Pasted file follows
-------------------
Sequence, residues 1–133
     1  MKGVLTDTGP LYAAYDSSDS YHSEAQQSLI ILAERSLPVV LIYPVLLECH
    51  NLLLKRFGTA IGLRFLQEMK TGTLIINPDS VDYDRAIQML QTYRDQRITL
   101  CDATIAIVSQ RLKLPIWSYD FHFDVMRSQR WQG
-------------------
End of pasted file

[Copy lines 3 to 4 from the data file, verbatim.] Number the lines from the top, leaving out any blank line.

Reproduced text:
    51  NLLLKRFGTA IGLRFLQEMK TGTLIINPDS VDYDRAIQML QTYRDQRITL
   101  CDATIAIVSQ RLKLPIWSYD FHFDVMRSQR WQG